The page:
Fontanez v. O'Brien, No. 5:2014cv00077 - Document 44 (N.D.W. Va. 2017)
Court Description: MEMORANDUM OPINION AND ORDER AFFIRMING AND ADOPTING AS FRAMED MAGISTRATE JUDGE'S REPORT AND RECOMMENDATION, OVERRULING PETITIONER'S OBJECTIONS, GRANTING IN PART AND DENYING IN PART RESPONDENT'S MOTION TO DISMISS OR, ALTERNATIVELY, FOR SUMMARY JUDGMENT AND GRANTING AS FRAMED § 2241 PETITION: Granting in part and denying in part 36 Motion to Dismiss; granting in part and denying in part 36 Motion for Summary Judgment; Adopting Report and Recommendations re 41 REPORT AND RECOMMENDATIONS; Granting as framed 1 and 4 Petition for Writ of Habeas Corpus, filed by Jeremy Fontanez, and Overruling 43 Objections;. (copy to Fontanez by cert. mail) Signed by Senior Judge Frederick P. Stamp, Jr on 1/30/17. (soa) (Additional attachment(s) added on 1/30/2017: # 1 Certified Mail Return Receipt) (soa).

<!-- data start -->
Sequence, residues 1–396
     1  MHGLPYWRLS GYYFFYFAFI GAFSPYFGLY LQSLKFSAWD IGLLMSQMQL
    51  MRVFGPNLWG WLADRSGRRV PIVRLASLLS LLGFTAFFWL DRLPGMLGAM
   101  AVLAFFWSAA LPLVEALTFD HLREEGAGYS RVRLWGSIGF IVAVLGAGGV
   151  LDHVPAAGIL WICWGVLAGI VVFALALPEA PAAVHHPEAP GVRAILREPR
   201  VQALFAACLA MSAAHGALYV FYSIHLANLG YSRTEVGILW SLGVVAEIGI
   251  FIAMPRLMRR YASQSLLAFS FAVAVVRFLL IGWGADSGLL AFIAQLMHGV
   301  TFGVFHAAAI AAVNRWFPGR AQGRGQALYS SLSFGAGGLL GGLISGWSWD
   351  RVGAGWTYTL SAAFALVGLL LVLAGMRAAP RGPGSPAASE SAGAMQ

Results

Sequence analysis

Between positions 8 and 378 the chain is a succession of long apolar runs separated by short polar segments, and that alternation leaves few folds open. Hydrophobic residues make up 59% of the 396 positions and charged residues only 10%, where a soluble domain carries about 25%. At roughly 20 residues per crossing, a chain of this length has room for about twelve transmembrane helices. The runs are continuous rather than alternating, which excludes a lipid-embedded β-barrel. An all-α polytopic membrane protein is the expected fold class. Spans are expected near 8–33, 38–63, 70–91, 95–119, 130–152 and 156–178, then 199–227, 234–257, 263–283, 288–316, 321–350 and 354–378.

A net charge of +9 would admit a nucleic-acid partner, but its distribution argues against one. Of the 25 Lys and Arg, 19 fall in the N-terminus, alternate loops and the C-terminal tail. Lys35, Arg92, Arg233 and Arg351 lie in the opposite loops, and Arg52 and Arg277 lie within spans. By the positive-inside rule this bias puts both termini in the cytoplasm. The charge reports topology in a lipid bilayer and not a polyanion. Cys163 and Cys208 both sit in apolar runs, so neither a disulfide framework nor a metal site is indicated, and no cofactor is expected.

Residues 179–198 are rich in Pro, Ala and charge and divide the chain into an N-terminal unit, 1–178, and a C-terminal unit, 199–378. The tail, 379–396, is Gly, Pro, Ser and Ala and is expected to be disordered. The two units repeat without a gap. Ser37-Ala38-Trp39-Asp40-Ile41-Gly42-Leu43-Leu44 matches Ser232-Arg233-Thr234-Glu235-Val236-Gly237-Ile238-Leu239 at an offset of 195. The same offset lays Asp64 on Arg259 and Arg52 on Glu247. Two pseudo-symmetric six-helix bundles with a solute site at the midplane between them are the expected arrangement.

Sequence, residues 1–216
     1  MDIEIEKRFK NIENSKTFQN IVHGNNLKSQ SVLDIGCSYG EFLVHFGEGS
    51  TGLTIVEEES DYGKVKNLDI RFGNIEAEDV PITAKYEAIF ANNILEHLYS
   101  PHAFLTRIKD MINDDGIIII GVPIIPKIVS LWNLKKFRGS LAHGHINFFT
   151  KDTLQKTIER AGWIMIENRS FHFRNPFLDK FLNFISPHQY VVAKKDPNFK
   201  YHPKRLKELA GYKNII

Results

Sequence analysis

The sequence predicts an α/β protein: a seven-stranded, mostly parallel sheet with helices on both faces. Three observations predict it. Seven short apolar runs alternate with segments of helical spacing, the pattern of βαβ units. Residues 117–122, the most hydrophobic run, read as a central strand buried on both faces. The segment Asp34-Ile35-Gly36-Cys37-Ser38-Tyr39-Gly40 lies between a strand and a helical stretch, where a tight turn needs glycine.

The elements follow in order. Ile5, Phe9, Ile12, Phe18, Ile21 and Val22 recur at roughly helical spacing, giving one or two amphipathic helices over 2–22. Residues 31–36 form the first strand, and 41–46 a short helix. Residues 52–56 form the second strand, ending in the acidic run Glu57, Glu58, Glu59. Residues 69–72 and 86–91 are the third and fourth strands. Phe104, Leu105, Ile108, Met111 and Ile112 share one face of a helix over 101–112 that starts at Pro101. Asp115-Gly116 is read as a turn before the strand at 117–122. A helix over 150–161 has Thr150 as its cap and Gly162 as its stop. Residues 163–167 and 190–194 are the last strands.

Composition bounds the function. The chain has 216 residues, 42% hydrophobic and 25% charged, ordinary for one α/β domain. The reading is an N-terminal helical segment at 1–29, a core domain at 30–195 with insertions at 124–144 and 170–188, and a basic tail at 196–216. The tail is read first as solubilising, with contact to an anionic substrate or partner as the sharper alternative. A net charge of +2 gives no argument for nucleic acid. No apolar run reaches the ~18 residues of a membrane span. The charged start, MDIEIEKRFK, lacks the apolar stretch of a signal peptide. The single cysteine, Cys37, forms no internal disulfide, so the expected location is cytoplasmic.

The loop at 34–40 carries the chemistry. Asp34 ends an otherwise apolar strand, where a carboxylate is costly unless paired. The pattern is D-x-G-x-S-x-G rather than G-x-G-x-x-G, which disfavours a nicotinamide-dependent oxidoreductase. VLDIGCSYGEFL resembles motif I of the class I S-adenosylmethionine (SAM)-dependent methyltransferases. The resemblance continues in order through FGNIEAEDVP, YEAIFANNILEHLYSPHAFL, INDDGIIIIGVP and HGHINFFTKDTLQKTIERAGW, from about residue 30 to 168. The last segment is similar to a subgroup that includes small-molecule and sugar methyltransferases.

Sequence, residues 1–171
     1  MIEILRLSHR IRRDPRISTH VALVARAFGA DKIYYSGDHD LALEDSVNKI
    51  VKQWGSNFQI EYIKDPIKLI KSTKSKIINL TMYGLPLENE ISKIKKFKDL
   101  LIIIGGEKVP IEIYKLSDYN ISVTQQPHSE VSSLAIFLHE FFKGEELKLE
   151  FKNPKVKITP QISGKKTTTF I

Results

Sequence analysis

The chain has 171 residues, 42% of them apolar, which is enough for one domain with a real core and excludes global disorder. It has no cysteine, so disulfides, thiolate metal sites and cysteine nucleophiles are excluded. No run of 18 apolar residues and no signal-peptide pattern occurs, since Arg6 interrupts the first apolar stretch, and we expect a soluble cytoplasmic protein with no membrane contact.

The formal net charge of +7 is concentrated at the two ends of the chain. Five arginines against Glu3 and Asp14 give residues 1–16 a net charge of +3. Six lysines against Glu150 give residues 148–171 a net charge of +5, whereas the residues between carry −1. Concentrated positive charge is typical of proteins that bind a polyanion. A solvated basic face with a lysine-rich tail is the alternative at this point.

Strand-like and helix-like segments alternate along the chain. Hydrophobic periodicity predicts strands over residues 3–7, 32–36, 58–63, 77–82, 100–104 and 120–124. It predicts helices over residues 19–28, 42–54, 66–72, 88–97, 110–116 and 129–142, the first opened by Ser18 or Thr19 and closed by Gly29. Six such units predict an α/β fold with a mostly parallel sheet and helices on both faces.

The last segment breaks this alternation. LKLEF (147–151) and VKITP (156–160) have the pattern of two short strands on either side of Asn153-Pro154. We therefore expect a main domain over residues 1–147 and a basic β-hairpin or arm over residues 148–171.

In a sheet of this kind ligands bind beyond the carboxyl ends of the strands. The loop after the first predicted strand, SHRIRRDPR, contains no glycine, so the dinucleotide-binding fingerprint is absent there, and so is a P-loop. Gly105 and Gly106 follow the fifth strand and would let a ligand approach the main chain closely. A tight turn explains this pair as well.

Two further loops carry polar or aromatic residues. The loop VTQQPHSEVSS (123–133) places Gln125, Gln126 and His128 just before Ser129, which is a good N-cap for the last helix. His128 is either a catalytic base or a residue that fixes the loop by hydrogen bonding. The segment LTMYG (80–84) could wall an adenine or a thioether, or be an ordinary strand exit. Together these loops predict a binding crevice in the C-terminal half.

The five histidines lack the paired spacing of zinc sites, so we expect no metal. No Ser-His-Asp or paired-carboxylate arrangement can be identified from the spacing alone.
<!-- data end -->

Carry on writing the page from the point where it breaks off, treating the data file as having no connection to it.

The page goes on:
Fontanez v. O'Brien Doc. 44 IN THE UNITED STATES DISTRICT COURT FOR THE NORTHERN DISTRICT OF WEST VIRGINIA JEREMY FONTANEZ, Petitioner, v. Civil Action No. 5:14CV77 (STAMP) JOSEPH COAKLEY, Respondent. MEMORANDUM OPINION AND ORDER AFFIRMING AND ADOPTING AS FRAMED MAGISTRATE JUDGE’S REPORT AND RECOMMENDATION, OVERRULING PETITIONER’S OBJECTIONS, GRANTING IN PART AND DENYING IN PART RESPONDENT’S MOTION TO DISMISS OR, ALTERNATIVELY, FOR SUMMARY JUDGMENT AND GRANTING AS FRAMED § 2241 PETITION The petitioner, Jeremy Fontanez (“Fontanez”), filed this pro se petition under 28 U.S.C. § 2241 challenging the respondent’s administration of the restitution ordered by the sentencing court. The respondent (“the Warden”) filed a motion to dismiss the petition or, alternatively, for summary judgment. The magistrate judge entered a report recommending that the respondent’s motion be granted. Fontanez then filed timely objections to the report and recommendation. For the following reasons, the magistrate judge’s report and recommendation is affirmed and adopted as framed, the respondent’s motion to dismiss or, alternatively, for summary judgment is granted in part and denied in part, the petitioner’s objections are overruled, and the petitioner’s § 2241 petition is granted as framed. Dockets.Justia.com I. Fontanez robberies. plead guilty Background to involvement in several armed The United States District Court for the Eastern District of Pennsylvania sentenced Fontanez to a total of 420 months of imprisonment, and imposed restitution in the amount of $27,972.61. The sentencing court ordered that Fontanez “shall make restitution payments from any wages he may earn in prison in accordance with the Inmate Financial Responsibility Program,” and ordered that “[r]estitution shall be due immediately.” 36-1 at 19. ECF No. When Fontanez began serving his term of imprisonment, he voluntarily entered into the Inmate Financial Responsibility Program (“IFRP”) and agreed to pay $25.00 each quarter toward restitution. The Bureau of Prisons (“BOP”) then began collecting restitution payments from Fontanez’s IFRP account. About a year later, Fontanez filed a written request to be released from the IFRP, arguing that it violates the Mandatory Victims Restitution Act, 18 U.S.C. § 3664. The Warden denied Fontanez’s request on the ground that he believed the sentencing court’s restitution order required Fontanez to participate in and make payments through the IFRP. Fontanez exhausted his administrative remedies and then filed this § 2241 petition arguing that the restitution order violates 18 U.S.C. § 3664 because it delegates the sentencing court’s authority to set the time, restitution payments to the BOP. 2 amount, and manner of The Warden then filed a motion to dismiss. This Court granted that motion, concluding that Fontanez’s claim sought to challenge the validity of the restitution order rather than the execution of his sentence, and thus was not cognizable under § 2241 and did not meet the requirements of § 2255’s savings clause. Fontanez appealed to the United States Court of Appeals for the Fourth Circuit. The Fourth Circuit reversed and remanded, concluding that, as the arguments had been clarified on appeal, Fontanez was attacking only the BOP’s administration of the IFRP and not the validity of the restitution order itself. The court held that “an inmate’s challenge to the BOP’s administration of the IFRP is a challenge to the ‘execution’ of a sentence that is cognizable under . . . § 2241.” ECF No. 24 at 7-8. The court remanded for a determination of whether it is necessary to reach the merits of Fontanez’s petition and whether the BOP’s refusal to allow Fontanez to withdraw from the IFRP was unlawful. The court also observe[d] that the distance between the parties appears to have narrowed as the issues have been refined on appeal. Fontanez challenges the Warden’s refusal to let him stop making payments through the IFRP. The Warden now takes the position that “the IFRP is a purely voluntary program” and that Fontanez “is entitled to stop participating at any time.” ECF No. 24 at 8. On remand, the Warden then filed a new motion to dismiss or, alternatively, for summary judgment, arguing that Fontanez’s petition is now moot because the Warden now concedes that the IFRP 3 is voluntary and that Fontanez may stop participating at any time. The Warden, alternatively, argues that Fontanez’s petition fails on the merits because the restitution order did not require him to participate in the IFRP. Magistrate Judge Aloi entered a report recommending that this Court grant the Warden’s motion. He concluded that the petition fails to state a claim under § 2241 because the restitution order does not violate § 3664. Fontanez filed timely objections, arguing that the restitution order violates § 3664 and unconstitutionally delegated the sentencing court’s power to impose restitution by requiring him to make payments through the IFRP as administered by the BOP. The magistrate judge did not address the issue of whether the Warden properly refused to allow Fontanez to withdraw from the IFRP, and Fontanez did not discuss this issue in his objections. II. Applicable Law Under 28 U.S.C. § 636(b)(1)(C), this Court must conduct a de novo review of any portion of the magistrate judge’s recommendation to which objection is timely made. Because the petitioner filed objections to the report and recommendation, the magistrate judge’s recommendation will be reviewed de novo as to those findings to which objections were made. As to those findings to which objections were not filed, the findings and recommendations will be upheld unless they are “clearly erroneous or contrary to law.” U.S.C. § 636(b)(1)(A). 28 This Court will also address de novo, for 4 the purpose of clarity, the issue of the Warden’s initial refusal to allow Fontanez to stop making payments. To survive a motion to dismiss under Rule 12(b)(6), “a [pleading] must contain sufficient factual matter, accepted as true, to ‘state a claim to relief that is plausible on its face.’” Ashcroft v. Iqbal, 556 U.S. 662, 678 (2009). This plausibility standard requires a plaintiff to articulate facts that, when accepted as true, demonstrate that the plaintiff is plausibly entitled to relief. Francis v. Giacomelli, 588 F.3d 186, 193 (4th Cir. 2009) (citing Iqbal, 556 U.S. at 678; Bell Atl. Corp. v. Twombly, 550 U.S. 544, 570 (2007)). “The plausibility standard is not a probability requirement, but asks for more than a sheer possibility that a defendant has acted unlawfully.” Hall v. DirectTV, __ F.3d __, 2017 WL 361065, 4 (4th Cir. 2017). “[C]ourts must accept as true all of the factual allegations contained in the complaint and draw all reasonable inferences in favor of the plaintiff.” Id. liberally as so Further, “a [pleading] is to be construed to do substantial justice.” Id. (internal quotation marks omitted). Under Federal Rule of Civil Procedure 56, this Court must grant a party’s motion for summary judgment if “there is no genuine dispute as to any material fact and the movant is entitled to judgment as a matter of law.” Fed. R. Civ. P. 56(a). A fact is “material” if it might affect the outcome of the case. Anderson v. 5 Liberty Lobby, 477 U.S. 242, 248 (1986). A dispute of material fact is “genuine” if the evidence “is such that a reasonable jury could return a verdict for the non-moving party.” Id. If the nonmoving party “fails to make a showing sufficient to establish the existence of an element essential to that party’s case, and on which that party will bear the burden of proof at trial,” summary judgment must be granted against that party. Catrett, 477 U.S. 317, 322 (1986). Celotex Corp. v. In reviewing the supported underlying facts, all inferences must be viewed in the light most favorable to the party opposing the motion. See Matsushita Elec. Indus. Co. v. Zenith Radio Corp., 475 U.S. 574, 587 (1986). The party seeking summary judgment bears the initial burden of showing the absence of any genuine issues of material fact. Celotex, 477 U.S. at 322-23. See “The burden then shifts to the nonmoving party to come forward with facts sufficient to create a triable issue of fact.” Temkin v. Frederick County Comm’rs, 945 F.2d 716, 718 (4th Cir. 1991), cert. denied, 502 U.S. 1095 (1992). However, “a party opposing a properly supported motion for summary judgment may not rest upon the mere allegations or denials of his pleading, but . . . must set forth specific facts showing that there is a genuine issue for trial.” Inc., 477 U.S. 242, 256 (1986). Anderson v. Liberty Lobby, Moreover, “[t]he nonmoving party cannot create a genuine issue of material fact through mere speculation or the building of 6 one inference upon another.” Othentec Ltd. v. Phelan, 526 F.3d (internal quotation marks omitted). 135, 140 (4th Cir. 2008) The nonmoving party must produce “more than a ‘scintilla’” of evidence “upon which a jury could properly proceed to find a verdict for the party producing it.” Id. (internal quotation marks omitted) (quoting Anderson, 477 U.S. at 251). III. Discussion The Fourth Circuit’s mandate requires this Court to consider Fontanez’s petition and the Warden’s motion in the following context. First, Fontanez’s petition challenges only the Warden’s refusal to permit his withdrawal from the IFRP. Second, the Warden now concedes that Fontanez may withdraw from the IFRP at any time. Third, the Warden initially refused to permit Fontanez’s withdrawal from the IFRP because he took the position that the restitution order required Fontanez to participate in the IFRP. Fourth, Fontanez may not challenge the validity of the restitution order in these proceedings, but its validity is relevant regarding the Warden’s reasons for denying Fontanez’s request to withdraw from the IFRP. As noted above, the magistrate judge’s report and recommendation deals only with the validity of the restitution order but not with the limited scope of Fontanez’s petition or the Warden’s present concession. Thus, under the current posture of the case, this Court considers those issues de novo. 7 The Warden now argues that Fontanez’s petition is moot because the Warden now concedes that Fontanez may withdraw from the IFRP at any time. However, Fontanez is challenging the Warden’s prior refusal to permit his withdrawal. Though the Warden now concedes that Fontanez may withdraw from the IFRP at any time, there is no evidence in the record showing that he has been permitted to withdraw. See Doe v. Kidd, 501 F.3d 348, 354 (4th Cir. 2007) (concluding that a case was not moot where the defendants had “not yet voluntarily ceased” the challenged conduct). Thus, the question of whether the Warden earlier abused his discretion in refusing to permit Fontanez’s withdrawal is still a live issue.1 Because the Warden now concedes that the IFRP is a voluntary program and that Fontanez is permitted to withdraw from it at any time, the Warden’s refusal to permit Fontanez’s withdrawal from the IFRP was an abuse of discretion unless the sentencing court’s restitution order required Fontanez to participate in the IFRP, which Fontanez argues would violate § 3664 and the separation of powers. The magistrate judge determined that the restitution order 1 This Court also notes that a defendant’s “‘voluntary cessation of a challenged practice does not deprive a federal court of its power to determine the legality of the practice unless it is absolutely clear that the allegedly wrongful behavior would not reasonably be expected to recur.’” Id. (alteration in original) (quoting Friends of the Earth, Inc. v. Laidlaw Envtl. Servs., 528 U.S. 167, 189 (2000)). The Warden has not established that Fontanez has been, or will be, permitted to withdraw from the IFRP without a judicial determination in the civil action. 8 was valid because it merely permits Fontanez to make payments through the IFRP without delegating any authority to the BOP. Fontanez objects to this conclusion. Without ruling on the ultimate validity of the sentencing court’s restitution order, this Court finds no clear error in the magistrate judge’s conclusion in the report and recommendation. “[A] district court lacks authority to delegate to the probation officer [or the BOP] the final authority to determine the amount of restitutionary installment payments, without retaining ultimate authority over such decisions.” United States v. Miller, 77 However, F.3d 71, 77-78 (4th Cir. 1996). “a prisoner’s participation in the BOP’s IFRP program is [not] an abdication of the court’s ‘core judicial function,’” where “the sentencing court has already determined the amount and timing of the [restitution].” Summersett v. Baucknecht, 496 F. Supp. 2d 636, 639-40 (D.S.C. 2007). In such circumstances, “the sentencing court merely permits [the petitioner] to pay his [restitution] . . . through the BOP’s financial program.” The sentencing Id. at 639. court expressly ordered Fontanez restitution in the amount of $27,972.61, due immediately. to pay Thus, the sentencing court determined the amount and timing of the restitution and did not abdicate its “core judicial function” or delegate any authority to the BOP. Further, in also stating that restitution payments should be paid “from any wages [Fontanez] may 9 earn in prison in accordance with the [IFRP],” ECF No. 36-1 at 19, the sentencing court simply permitted Fontanez to make payments through the IFRP while incarcerated, but did not mandate that he participate in the program or delegate to the BOP authority to determine the amount or timing of restitution. Thus, the Warden was not required by the restitution order to refuse to allow Fontanez’s withdrawal from the IFRP and he asserts no other reason for doing so. In light of such developments, Fontanez’s petition must now be granted. The petition is not now moot. Rather, the BOP has simply conceded that Fontanez had and has the right to withdraw from the IFRP. Accordingly, this Court affirms Fontanez’s right to withdraw from the IFRP at any time, and denies summary judgment on the withdrawal issue. IV. Conclusion For the foregoing reasons, the magistrate judge’s report and recommendation (ECF No. 41) is ADOPTED AND AFFIRMED AS FRAMED, Fontanez’s objections (ECF No. 43) are OVERRULED, the Warden’s motion to dismiss or, alternatively, for summary judgment (ECF No. 36) is GRANTED IN PART AND DENIED IN PART, and Fontanez’s petition (ECF Nos. 1, 4) is GRANTED AS FRAMED. Should the petitioner choose to appeal the judgment of this Court to the United States Court of Appeals for the Fourth Circuit on the issues to which objection was made or those that this Court otherwise determined de novo, he is ADVISED that he must file a 10 notice of appeal with the Clerk of this Court within 60 days after the date of the entry of this order.2 IT IS SO ORDERED. The Clerk is DIRECTED to transmit a copy of this memorandum opinion and order to counsel of record herein. Pursuant to Federal Rule of Civil Procedure 58, the Clerk is DIRECTED to enter judgment on this matter. DATED: January 30, 2017 /s/ Frederick P. Stamp, Jr. FREDERICK P. STAMP, JR. UNITED STATES DISTRICT JUDGE 2 This Court notes that an appeal is not likely, as the respondent concedes the petitioner’s argument and, despite overruling his objections, the petitioner is the prevailing party. However, out of an abundance of caution, this Court has included this notice of the petitioner’s right to appeal. 11